BMW Shows Off Wireless Charging

JAN 9 2015 BY STAFF 18

Powered by high-voltage EV batteries, the first premium all-electric vehicle – the BMW i3 – and the BMW i8 plug-in hybrid sports car can be driven with zero tailpipe emissions. As a fast and simple solution for battery charging via a hardwired connection, BMW i offers the Wallbox.

At 2015 CES, BMW presented an alternative solution: in a BMW i8 it demonstrated a research application for inductive – i.e. wireless – battery charging.

Contact-free power transfer between coils.

bmw inductive charging 04 750x422 BMW i8 showcases inductive wireless battery charging

BMW Wireless Charging

Inductive charging provides reliable, wear-free and user-friendly EV battery charging using a magnetic field, without the need for a hard-wired connection between the vehicle and the power source. The system comprises a primary and a secondary coil. The primary coil is fitted in a base pad underneath the vehicle, for example on or embedded in the garage floor.

*Editor’s Note: This post appears on BMWBLOG.  Check it out here.

bmw inductive charging 03 750x422 BMW i8 showcases inductive wireless battery charging

BMW Wireless Charging

The secondary coil is integrated in the underside of the BMW i8. As soon as the vehicle is positioned over the base pad and the charging process begins, an alternating magnetic field is generated which transmits electricity between the coils. The electricity is transmitted without cables or contacts across a gap of several centimeters, at a charge rate of 3.3 kW. The high-voltage battery of the BMW i8 can be fully recharged in less than two hours using this system – which is approximately the same amount of time required with a wired connection. Future inductive charging systems with a higher charge rate of 7 kW will also allow the larger batteries of all-electric vehicles, such as the BMW i3, to be fully recharged overnight. In typical accessible areas immediately next to the vehicle, the electromagnetic field strength during inductive charging is well below the existing regulatory limits. The electromagnetic radiation is less than that emitted by an induction hotplate on a kitchen stove.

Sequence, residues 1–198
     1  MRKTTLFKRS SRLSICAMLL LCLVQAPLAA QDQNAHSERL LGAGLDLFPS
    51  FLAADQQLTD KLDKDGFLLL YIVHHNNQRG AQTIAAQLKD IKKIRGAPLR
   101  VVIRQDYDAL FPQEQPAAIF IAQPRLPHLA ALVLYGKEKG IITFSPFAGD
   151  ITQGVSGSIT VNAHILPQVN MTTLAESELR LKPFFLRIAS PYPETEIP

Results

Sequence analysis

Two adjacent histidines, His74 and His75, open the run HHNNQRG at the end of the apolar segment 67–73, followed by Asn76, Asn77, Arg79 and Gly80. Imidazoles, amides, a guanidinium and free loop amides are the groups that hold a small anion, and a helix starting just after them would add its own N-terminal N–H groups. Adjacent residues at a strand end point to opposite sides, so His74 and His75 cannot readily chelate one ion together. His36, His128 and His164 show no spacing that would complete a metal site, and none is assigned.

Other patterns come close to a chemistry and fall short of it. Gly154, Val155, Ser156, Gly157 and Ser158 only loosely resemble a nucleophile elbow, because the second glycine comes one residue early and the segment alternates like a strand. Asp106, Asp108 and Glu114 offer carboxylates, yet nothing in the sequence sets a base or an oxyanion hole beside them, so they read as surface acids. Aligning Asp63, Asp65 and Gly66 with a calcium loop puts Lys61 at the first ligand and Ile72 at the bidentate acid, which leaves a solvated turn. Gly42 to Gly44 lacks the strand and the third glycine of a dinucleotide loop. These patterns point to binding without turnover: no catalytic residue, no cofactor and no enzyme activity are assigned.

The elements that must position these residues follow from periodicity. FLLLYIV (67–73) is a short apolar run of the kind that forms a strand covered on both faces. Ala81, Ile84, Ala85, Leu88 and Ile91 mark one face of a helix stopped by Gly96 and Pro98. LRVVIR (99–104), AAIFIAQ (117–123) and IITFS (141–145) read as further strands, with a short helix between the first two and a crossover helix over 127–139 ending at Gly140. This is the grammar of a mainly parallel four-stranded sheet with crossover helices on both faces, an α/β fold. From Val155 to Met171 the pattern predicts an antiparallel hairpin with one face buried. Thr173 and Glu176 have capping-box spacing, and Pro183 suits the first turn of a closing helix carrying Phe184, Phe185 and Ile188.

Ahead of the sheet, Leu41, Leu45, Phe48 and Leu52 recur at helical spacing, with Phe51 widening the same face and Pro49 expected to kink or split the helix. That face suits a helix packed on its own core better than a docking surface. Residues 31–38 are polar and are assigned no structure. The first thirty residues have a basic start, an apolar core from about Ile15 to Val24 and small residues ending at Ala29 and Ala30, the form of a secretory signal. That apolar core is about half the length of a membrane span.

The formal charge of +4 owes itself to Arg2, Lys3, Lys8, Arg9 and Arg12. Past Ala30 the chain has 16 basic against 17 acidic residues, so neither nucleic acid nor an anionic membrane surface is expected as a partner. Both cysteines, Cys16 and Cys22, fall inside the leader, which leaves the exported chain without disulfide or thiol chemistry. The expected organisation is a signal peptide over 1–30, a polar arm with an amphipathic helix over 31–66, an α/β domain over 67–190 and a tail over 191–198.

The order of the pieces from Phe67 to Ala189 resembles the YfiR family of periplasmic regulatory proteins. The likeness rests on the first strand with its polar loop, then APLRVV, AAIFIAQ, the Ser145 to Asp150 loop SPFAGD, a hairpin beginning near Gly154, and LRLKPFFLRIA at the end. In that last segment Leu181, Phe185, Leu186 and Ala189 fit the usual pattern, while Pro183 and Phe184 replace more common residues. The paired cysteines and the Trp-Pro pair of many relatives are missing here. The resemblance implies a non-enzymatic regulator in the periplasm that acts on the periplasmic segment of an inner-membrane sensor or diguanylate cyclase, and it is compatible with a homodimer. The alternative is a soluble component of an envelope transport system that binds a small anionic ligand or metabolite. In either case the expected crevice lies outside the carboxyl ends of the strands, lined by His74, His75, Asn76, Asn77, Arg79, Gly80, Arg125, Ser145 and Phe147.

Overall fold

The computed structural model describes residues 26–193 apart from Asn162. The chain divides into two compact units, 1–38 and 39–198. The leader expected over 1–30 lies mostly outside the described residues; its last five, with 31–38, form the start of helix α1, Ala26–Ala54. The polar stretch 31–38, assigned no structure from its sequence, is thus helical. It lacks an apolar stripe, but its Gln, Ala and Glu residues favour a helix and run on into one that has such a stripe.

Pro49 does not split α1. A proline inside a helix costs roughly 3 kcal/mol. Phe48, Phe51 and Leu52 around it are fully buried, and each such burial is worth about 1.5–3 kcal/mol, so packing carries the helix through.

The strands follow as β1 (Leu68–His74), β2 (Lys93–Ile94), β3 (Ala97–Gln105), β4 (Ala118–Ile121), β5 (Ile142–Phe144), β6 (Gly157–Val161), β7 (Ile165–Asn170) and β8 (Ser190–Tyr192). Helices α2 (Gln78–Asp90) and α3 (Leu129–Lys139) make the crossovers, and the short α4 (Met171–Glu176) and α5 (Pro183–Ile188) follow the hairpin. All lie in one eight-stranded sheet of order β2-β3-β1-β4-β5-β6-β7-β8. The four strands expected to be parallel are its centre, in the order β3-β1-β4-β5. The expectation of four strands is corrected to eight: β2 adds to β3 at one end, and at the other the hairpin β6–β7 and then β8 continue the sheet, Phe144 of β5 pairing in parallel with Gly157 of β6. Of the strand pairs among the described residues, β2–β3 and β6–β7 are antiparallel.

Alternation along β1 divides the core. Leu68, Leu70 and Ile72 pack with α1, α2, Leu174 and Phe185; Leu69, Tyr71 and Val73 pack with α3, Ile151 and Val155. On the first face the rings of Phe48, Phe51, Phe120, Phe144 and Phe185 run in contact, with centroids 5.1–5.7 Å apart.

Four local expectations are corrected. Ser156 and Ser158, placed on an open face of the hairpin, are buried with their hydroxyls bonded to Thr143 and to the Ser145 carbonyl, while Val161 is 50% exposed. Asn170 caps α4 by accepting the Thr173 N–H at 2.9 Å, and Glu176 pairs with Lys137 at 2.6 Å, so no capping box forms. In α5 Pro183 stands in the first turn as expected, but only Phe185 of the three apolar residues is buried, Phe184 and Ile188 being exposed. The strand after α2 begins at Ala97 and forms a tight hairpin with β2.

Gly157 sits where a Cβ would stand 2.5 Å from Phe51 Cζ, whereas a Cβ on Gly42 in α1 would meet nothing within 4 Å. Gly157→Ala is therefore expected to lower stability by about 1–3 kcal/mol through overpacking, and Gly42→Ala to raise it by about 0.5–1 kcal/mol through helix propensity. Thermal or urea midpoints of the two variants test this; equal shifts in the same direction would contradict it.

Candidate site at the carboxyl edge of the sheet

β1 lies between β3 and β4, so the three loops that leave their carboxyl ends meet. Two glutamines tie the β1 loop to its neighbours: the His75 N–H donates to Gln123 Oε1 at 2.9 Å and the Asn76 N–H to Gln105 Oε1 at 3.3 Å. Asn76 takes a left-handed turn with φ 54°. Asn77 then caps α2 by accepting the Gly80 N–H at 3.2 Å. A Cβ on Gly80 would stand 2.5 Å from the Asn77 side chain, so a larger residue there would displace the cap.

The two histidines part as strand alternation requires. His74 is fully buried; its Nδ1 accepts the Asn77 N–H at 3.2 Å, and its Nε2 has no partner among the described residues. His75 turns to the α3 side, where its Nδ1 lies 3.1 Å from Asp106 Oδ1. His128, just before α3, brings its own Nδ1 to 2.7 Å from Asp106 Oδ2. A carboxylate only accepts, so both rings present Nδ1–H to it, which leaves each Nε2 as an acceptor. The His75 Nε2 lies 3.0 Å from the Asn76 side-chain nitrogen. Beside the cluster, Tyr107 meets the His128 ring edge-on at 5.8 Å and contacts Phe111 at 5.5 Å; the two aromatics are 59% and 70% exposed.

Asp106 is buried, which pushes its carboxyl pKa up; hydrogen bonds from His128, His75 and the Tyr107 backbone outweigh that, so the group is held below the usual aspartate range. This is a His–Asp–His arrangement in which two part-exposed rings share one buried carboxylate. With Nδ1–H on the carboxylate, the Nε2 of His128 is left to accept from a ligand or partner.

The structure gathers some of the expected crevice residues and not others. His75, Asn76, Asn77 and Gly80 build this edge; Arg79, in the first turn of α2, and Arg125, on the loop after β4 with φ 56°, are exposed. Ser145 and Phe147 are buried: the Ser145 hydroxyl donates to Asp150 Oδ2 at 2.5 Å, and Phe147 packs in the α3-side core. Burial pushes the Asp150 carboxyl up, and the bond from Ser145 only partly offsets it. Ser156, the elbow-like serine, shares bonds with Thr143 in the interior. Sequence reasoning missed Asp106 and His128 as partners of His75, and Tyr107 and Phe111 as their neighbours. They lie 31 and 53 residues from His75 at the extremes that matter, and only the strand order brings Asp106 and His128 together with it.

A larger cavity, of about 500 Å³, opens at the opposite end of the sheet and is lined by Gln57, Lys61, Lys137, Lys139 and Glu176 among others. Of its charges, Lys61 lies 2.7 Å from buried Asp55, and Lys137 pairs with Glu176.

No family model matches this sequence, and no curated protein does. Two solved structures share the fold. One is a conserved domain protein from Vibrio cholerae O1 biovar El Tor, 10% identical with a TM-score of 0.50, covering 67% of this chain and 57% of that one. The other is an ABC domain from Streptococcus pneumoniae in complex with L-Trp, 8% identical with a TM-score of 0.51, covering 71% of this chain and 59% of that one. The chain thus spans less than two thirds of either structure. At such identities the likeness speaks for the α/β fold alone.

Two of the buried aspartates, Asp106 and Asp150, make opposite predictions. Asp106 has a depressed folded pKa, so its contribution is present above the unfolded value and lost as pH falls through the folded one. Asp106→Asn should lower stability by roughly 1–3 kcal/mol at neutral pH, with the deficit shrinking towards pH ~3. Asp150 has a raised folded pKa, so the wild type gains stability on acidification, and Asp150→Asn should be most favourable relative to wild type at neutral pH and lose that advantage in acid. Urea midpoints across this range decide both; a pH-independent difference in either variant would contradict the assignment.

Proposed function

Trouble-free inductive charging even in snow or in the wet.


BMW Wireless Charging

The key requirement for an optimal charging process is the correct relative positioning of the two coils. A parking assistant ensures that the BMW i8 is parked so that its secondary coil, which is located centrally between the front wheels on the underside of the vehicle, is positioned precisely over the primary coil in the base pad. The system launches the charging process automatically, but only if the coils are correctly aligned and there is no obstruction to the power transfer – for example due to foreign objects situated between the vehicle and base pad. Since all the system’s electric components are protected, inductive charging is possible even in rain or snow.

Inductive charging offers important convenience benefits for drivers of electric or plug-in hybrid vehicles: they no longer have to connect a cable to a charging station, for example. At the same time, charging begins automatically and is continuously monitored. This ensures the BMW always offers an optimal range for zero-tailpipe-emission electric driving.

Just as when charging the vehicle with the BMW i Wallbox, inductive charging can also be activated and monitored using a smartphone app. Amongst other things the app shows the current charging status, remaining time to complete a full charge and potential driving range.

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18 Comments on "BMW Shows Off Wireless Charging"

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Toyota was working on one too. I think it’s supposed to be a feature in the gen 2 plug-in prius.

While the recharge rate won’t be as good as directly plugging in, this should still come in handy.